I have been surrounded lately by articles (in both scholarly and contemporary venues) emphasizing the value of play and social skill development in early childhood education. For example, a study conducted by researchers at Michigan State University (Montroy, Bowles, Skibbe & Foster, 2014), published in Early Childhood Research Quarterly, supports the theory that well developed social skills are beneficial for growth, particularly in literacy. An article recently published in the Washington Post discusses the role that play has in predicting future success. Quoted in this article is Dr. Damon Jones, a professor at Penn State, who states how important it is to incorporate social skill building into the curriculum. Well, we are well ahead of the research curve.
One of the foci of a Harbor School education is age-appropriate social skill development. Our Preschool is play-based, which means we provide a multitude of opportunities and scaffolding to encourage and support social skill development. Play can be described as a child's laboratory - a safe place to make and learn from mistakes, experiment, and ultimately develop better skills in negotiating, cooperation, perseverance, leadership, and creativity. Play fosters language and vocabulary development, mathematics and problem solving, and motor development. On top of all of this, play is FUN.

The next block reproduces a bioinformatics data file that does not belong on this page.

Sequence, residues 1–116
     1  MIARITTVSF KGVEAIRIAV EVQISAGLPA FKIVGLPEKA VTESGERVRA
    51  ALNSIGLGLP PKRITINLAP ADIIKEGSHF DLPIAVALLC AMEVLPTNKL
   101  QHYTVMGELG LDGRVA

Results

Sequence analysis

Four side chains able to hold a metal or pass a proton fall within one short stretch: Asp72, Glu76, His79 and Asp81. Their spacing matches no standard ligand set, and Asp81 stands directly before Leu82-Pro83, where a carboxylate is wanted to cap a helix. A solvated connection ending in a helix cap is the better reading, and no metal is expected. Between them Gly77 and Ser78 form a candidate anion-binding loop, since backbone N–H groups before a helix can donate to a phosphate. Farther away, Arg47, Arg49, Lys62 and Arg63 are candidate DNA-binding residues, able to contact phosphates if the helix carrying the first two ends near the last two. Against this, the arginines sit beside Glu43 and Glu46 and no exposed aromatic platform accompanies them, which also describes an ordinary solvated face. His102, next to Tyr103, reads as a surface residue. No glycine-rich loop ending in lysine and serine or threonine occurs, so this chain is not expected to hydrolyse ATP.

The Harbor School places significant emphasis on the building of all academic skills, from reading and math to art and music, but a strong early childhood program also emphasizes the non-academic skills. The whole child must be taught, and well-developed social skills are at the foundation of all learning. After all, in the "real" world, very little is accomplished in isolation - cooperation, collaboration and teamwork...that's what it's all about!
You can be confident that The Harbor School promotes this very critical aspect of child development!